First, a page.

Rapid speciation in bats with high-duty cycle echolocation

The majority of bats use acoustics, mainly echolocation, as a primary means of orientation, prey detection, and social recognition. Two forms of echolocation exist among bats: low-duty cycle echolocation entails separating pulse and echo in time, while high-duty cycle echolocation employs Doppler shift compensation to separate pulse and echo in frequency. High-duty cycle echolocators have an “acoustic fovea” which allows them to resolve fine differences in frequency [2729]. High-duty cycle echolocation occurs in ~120 species in the Old World families Rhinolophidae and Hipposideridae [30]. Only one species in the New World, Pteronotus parnellii (family Mormoopidae), has evolved high-duty cycle echolocation with the most energy of the call in the second harmonic, ~61.5 kHz [31], with harmonics at ~30 kHz intervals.

Among echolocating bats, acoustic traits may diverge by drift in allopatric populations (see discussion in [32]); however, it has been argued that selection for non-interference between inter-population calls in sympatric zones may also drive speciation [33] through local adaptation [32]. Four hypotheses for speciation and echolocation have been proposed. First, call divergence can occur through disruptive ecological selection on frequency leading to prey specialization and gradually to reproductive isolation [33] with speciation as a by-product of acoustic resource partitioning. High frequencies are more effective at detecting small insects and orienting in cluttered environments while low frequency calls provide more details on large insects and over longer distances, though reasonably large differences in emission frequency are required for functional differences in target identification [34, 35] due to the relationship between wavelength and target detection of insect sizes (see [29] for complete details). As a result of this selective pressure we expect large acoustic variation between competing species in order for them to access different sized prey (e.g. 10 kHz difference in frequency translates into only a small difference in target strength detection; see [33, 35]). Second, selection for non-interference in acoustic signals between populations may cause similar patterns of acoustic divergence. In two morphs of Hipposideros bicolor, Kingston et al.[33] noted substantial acoustic divergence but not enough (<10 kHz) for significant resource partitioning. Kingston et al.[33] suggest that selection has acted against signal interference yielding character displacement due to social interactions. Under this hypothesis, we would predict small but consistent variation in echolocation frequency (<10 kHz). Third, acoustic divergence can cause both resource and social isolation simultaneously if populations specialize on a lesser-used harmonic of their fundamental. For example, species in the high-duty cycle Rhinolophus philippinensis complex use alternate harmonics consistent with a hypothesized switch via “harmonic hopping” creating an almost instantaneous method of reproductive isolation as the taxa become unable to detect each others’ calls [29]. At the same time, switching harmonics significantly changes the insect prey detection parameters to an almost non-overlapping resource use or “ecological discontinuity” [29]. In the Rhinolophus case, divergence between acoustic morphs may lead to both assortative mating and selection for divergent resource preferences. Most interestingly, Kingston and Rossiter [29] note that all known echolocation in the clade occurs at a harmonic of the fundamental frequency of the large R. philippinensis morph suggesting rapid radiation via this mechanism. Under this hypothesis, acoustic divergence would be large (>10 kHz) but in specific harmonic intervals of the fundamental frequency of the ancestral population. Finally, allopatric populations may experience acoustic variation due to drift which may be reinforced during secondary contact. Similar to selection for non-interference, these divergences are expected to be small.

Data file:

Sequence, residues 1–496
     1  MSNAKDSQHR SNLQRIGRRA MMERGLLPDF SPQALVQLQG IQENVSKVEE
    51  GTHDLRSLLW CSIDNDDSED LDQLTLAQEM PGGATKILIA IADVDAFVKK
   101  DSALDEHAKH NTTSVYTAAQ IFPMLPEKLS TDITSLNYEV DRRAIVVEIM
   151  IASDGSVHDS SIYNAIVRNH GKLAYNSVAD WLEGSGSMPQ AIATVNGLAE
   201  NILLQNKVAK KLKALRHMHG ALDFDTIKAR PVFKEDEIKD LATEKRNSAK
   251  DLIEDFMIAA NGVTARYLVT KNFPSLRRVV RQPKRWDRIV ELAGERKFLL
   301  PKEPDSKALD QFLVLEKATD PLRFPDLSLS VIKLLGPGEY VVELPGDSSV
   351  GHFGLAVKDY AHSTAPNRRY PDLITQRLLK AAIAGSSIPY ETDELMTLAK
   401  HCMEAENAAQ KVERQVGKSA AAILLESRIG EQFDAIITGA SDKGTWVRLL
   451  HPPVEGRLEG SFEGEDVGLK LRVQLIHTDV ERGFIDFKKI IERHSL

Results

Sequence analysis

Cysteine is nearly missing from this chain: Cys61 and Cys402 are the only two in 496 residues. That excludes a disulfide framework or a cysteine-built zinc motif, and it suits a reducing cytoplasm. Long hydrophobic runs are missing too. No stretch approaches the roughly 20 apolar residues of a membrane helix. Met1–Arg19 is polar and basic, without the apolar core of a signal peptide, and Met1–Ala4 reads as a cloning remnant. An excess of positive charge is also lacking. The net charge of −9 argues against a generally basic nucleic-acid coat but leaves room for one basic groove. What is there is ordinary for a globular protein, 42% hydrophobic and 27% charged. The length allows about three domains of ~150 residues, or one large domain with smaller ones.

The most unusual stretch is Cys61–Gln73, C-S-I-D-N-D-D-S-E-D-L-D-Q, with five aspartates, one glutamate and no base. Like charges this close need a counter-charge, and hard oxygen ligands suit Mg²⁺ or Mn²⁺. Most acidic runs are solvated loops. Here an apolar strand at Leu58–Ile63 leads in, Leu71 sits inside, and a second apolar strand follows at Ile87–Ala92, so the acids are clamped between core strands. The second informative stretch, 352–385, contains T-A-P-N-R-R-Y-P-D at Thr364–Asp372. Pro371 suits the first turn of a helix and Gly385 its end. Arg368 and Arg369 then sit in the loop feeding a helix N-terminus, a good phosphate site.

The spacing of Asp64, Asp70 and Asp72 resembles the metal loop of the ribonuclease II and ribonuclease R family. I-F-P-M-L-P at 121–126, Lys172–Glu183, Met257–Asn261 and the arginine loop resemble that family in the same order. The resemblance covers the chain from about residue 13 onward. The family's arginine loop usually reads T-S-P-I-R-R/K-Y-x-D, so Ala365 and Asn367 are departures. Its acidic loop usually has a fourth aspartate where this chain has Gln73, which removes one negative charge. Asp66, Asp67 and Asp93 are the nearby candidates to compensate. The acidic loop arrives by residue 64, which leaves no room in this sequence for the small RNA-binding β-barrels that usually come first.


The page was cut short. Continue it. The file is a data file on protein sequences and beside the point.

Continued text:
While these systems may act in low-duty cycle echolocation, Kingston et al.[33] argued that divergence in acoustic characters is more likely to cause fast reproductive isolation in high-duty cycle echolocation where selection for mate recognition within phonic groups is reinforced by postnatal tuning of the auditory fovea forming a positive feedback loop. Divergence in high-duty cycle echolocation may be selectively stronger since tuning of the constant frequency component and the auditory fovea for insect flutter detection constrains the use of acoustics for social purposes.

Molecular Diversity in Pteronotus parnellii

Genetic analysis has helped reveal many bat species complexes (e.g. [7, 9, 23, 33, 36, 37]). Pteronotus parnellii was described from Jamaica [31] but is widely distributed in Mexico, Central America, the Antilles, the Guyana Shield and the Amazon [31]. Molecular analysis has revealed substantial sequence divergence at mitochondrial loci [8, 25, 38, 39] though, to date, no multi-gene analysis of this variation has been conducted.

In this study we examine specimens of P. parnellii from ten countries in Central and northern South America to assess morphological, genetic, and acoustic divergences within this species. Following Clare [9], we test whether P. parnellii is actually a complex of undescribed species by comparing patterns of divergence in maternally inherited DNA and the paternally inherited 7th intron of the Dby region (Ddx3y, DEAD box RNA helicase Y) on the y-chromosome [40]. In addition, we acquired exonic sequences from the 5’ half of the nuclear recombination-activating gene 2 (RAG2) to support phylogenetic reconstructions. We predict that 1) patterns of mitochondrial divergence will be supported by divergence at non-mitochondrial loci, 2) genetic divergence corresponds to subtle morphological differences between these unrecognized species and, 3) acoustic divergences have led to identifiable phonic groups.